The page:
Review by Kayleigh

Buy from Indigo.ca
Buy from Amazon.ca
These are affiliate links. This means when you use them to purchase a book, we earn a small commission that helps keep more great content coming your way with no additional cost to you!
Win-win 🙂

“Let me see,” she demanded as she crouched next to me. “Ooh did you ask for the butterflies?”

“I did.” When I picked the design, I had thought back to a picture I’d seen of my mother in mehndi when she was a teenager, her palms decorated with small butterflies. 

“Cool. Rebirth and change. I like it. It will be even more beautiful once the colour settles.” Manisha got up and headed to the bar. 

“That’s what the butterflies represent, my dear. A change. A change within you,” the henna artist said.

She was right. I was the butterfly who had gotten my own bright new wings and was now shimmering with gorgeous colours.

Sari not Sari is a fun debut filled with food and family.

Manny Dogra is the beautiful young CEO of Breakup, a highly successful company that helps people manage their relationship breakups. As preoccupied as she is with her business, she’s also planning her wedding to handsome architect Adam Jamieson while dealing with the loss of her beloved parents.

For reasons Manny has never understood, her mother and father, who were both born in India, always wanted her to become an “All-American” girl. So that’s what she did. She knows next to nothing about her South Asian heritage, and that’s never been a problem—until her parents are no longer around, and an image of Manny that’s been Photoshopped to make her skin look more white appears on a major magazine cover. Suddenly, the woman who built an empire encouraging people to be true to themselves is having her own identity crisis.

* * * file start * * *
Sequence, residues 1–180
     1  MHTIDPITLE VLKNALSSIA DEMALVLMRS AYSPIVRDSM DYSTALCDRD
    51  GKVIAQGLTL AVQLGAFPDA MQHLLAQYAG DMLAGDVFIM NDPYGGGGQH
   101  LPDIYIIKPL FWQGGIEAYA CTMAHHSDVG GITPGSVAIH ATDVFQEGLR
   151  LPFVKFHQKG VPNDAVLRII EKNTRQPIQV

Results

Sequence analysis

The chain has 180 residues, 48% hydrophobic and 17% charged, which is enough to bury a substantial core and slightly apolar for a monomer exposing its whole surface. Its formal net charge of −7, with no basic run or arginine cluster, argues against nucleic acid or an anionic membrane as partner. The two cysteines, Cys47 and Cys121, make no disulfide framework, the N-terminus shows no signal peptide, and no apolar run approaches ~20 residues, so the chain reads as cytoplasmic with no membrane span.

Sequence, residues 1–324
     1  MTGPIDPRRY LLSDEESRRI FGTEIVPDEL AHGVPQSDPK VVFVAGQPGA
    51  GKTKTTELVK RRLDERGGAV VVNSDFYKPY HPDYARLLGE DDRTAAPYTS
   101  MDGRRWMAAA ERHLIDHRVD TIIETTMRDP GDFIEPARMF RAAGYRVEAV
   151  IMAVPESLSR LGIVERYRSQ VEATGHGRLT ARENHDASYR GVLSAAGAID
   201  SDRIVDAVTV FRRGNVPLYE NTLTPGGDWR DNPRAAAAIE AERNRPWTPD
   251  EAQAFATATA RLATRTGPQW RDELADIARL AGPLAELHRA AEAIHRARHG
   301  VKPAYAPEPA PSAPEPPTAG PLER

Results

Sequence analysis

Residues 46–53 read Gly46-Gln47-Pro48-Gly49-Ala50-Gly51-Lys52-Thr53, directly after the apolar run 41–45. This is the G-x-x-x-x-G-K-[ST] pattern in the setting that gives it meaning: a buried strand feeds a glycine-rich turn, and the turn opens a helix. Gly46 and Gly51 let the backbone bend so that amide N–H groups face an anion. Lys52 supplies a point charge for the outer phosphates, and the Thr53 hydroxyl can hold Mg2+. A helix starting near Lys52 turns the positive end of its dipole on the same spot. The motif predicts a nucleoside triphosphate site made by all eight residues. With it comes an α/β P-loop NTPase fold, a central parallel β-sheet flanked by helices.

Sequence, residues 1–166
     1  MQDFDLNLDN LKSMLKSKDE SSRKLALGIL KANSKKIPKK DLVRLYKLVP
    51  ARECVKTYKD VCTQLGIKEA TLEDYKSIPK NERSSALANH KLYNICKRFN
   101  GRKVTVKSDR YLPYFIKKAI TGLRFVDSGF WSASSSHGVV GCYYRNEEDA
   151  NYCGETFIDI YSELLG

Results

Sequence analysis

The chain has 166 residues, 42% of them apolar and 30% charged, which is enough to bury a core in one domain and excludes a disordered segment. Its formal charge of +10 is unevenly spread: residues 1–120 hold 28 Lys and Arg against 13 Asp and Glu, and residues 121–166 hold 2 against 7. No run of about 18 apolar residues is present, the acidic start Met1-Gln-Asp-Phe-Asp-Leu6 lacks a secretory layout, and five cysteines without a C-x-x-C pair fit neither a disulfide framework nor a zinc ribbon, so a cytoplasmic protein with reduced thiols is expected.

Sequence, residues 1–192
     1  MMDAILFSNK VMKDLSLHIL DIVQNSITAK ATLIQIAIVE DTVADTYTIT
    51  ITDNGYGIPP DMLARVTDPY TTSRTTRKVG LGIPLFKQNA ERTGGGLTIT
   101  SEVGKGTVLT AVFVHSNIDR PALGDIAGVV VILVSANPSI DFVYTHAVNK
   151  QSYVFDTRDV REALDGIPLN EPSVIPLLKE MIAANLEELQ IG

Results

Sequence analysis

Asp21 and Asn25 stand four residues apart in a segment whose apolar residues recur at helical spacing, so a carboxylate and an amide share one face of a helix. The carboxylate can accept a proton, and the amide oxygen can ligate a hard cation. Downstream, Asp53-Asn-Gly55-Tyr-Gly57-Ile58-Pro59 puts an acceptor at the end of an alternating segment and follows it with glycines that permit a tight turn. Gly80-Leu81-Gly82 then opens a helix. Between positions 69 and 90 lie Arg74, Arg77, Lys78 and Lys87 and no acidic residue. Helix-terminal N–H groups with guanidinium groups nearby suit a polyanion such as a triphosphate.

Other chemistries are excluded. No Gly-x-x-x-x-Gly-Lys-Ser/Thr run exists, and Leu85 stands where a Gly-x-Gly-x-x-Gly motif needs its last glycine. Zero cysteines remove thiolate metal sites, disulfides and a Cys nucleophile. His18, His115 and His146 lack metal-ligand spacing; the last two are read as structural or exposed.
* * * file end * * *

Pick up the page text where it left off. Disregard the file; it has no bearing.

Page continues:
But when an irritating client named Sammy Patel approaches Manny with an odd breakup request, the perfect solution presents itself: If they both agree to certain terms, he’ll give her a crash course in being “Indian” at his brother’s wedding.

What follows is days of dancing and dal, masala and mehndi as Manny meets the lovable, if endlessly interfering, aunties and uncles of the Patel family, and, along the way, discovers much more than she could ever have anticipated.

I really wanted to love this book: the idea is so fun and has so much possibility: a tech CEO not in touch with her history has to fake date her way into a big noisy Indian wedding. The food and festivity scenes were hands down my favourite parts of the book. But the book didn’t quite hit all the marks for me. 

Let’s start with the good stuff: Sonya is a vivid writer whose food scenes made my mouth water. Her writing style was fun, vivid, and drama-filled: I felt like I was watching a Bollywood movie while reading. I also really liked the main characters Manny and Sammy. They are funny and witty and grow with each other. I love a good fake-relationship and these two had an interesting reason to be in a fake relationship with each other. Through this dynamic we got to see the two of them grow and open up to each other, and therefore us the reader. I loved the banter between the two of them and their scenes really stole the show for me.

However, the rest of the characters in the book felt so one dimensional to me:  a workaholic who can only engage if someone is discussing work. Her privileged wealthy in-laws don’t even know what culture she’s from – they think she’s Spanish, and her friends seem to just tick a box: the gay friend, the Indian friend etc. 

The hook in the book, the part that makes Manny re-evaluate her whole life, didn’t feel big enough. It was a small issue seemingly (the big reason why it was a huge issue and a red flag with her fiancé wasn’t fully exposed until the end) and I wish it had been expanded earlier to drive the action and behaviour of Manny. 

I think another aspect of the book that may not sit well with readers is the type of company that Manny runs: a breakup company that specializes in ending relationships for people. I actually really liked it as I thought it was an interesting idea that was the polar opposite of the more typical wedding planning, matchmaking industry fake relationship books that I’ve read.

All in all, I thought this was a unique idea for a romantic comedy. I look forward to reading more from Sonya. 

Hear what Sonya herself has to say about Sari Not Sari when she discusses it and more at our Romance According to Sonya Singh Event

Thank you, Simon and Schuster Canada for the ARC in exchange for an honest review.